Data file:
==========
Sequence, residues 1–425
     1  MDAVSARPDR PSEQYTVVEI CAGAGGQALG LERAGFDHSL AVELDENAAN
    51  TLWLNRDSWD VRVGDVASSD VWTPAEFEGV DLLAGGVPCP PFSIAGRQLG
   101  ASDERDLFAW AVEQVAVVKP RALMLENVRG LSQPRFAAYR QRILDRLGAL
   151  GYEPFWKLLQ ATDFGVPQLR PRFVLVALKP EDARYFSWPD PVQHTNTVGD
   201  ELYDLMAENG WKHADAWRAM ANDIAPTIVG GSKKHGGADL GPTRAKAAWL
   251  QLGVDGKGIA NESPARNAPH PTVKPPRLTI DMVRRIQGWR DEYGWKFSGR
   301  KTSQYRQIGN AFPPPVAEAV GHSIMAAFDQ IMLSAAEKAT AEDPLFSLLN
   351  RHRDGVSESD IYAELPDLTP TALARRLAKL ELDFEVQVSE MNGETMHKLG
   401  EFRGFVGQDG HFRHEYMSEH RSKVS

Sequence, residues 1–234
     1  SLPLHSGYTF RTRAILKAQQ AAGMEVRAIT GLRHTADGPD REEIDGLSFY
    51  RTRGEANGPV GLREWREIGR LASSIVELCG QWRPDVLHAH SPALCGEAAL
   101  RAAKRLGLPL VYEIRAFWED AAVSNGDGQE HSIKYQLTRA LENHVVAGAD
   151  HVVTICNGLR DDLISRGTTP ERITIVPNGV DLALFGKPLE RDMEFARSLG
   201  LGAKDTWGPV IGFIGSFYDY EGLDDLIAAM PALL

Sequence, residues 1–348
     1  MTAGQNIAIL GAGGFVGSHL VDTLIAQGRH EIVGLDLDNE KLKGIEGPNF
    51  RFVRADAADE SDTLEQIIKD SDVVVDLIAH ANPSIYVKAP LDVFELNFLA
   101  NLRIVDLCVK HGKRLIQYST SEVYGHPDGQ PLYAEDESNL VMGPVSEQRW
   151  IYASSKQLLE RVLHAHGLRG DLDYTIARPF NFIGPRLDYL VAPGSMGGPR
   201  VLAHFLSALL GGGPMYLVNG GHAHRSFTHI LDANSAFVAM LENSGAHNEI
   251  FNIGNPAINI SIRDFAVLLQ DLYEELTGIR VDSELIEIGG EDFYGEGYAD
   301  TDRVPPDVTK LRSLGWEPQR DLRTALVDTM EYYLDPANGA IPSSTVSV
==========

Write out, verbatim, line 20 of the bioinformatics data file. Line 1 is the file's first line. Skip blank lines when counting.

   101  NLRIVDLCVK HGKRLIQYST SEVYGHPDGQ PLYAEDESNL VMGPVSEQRW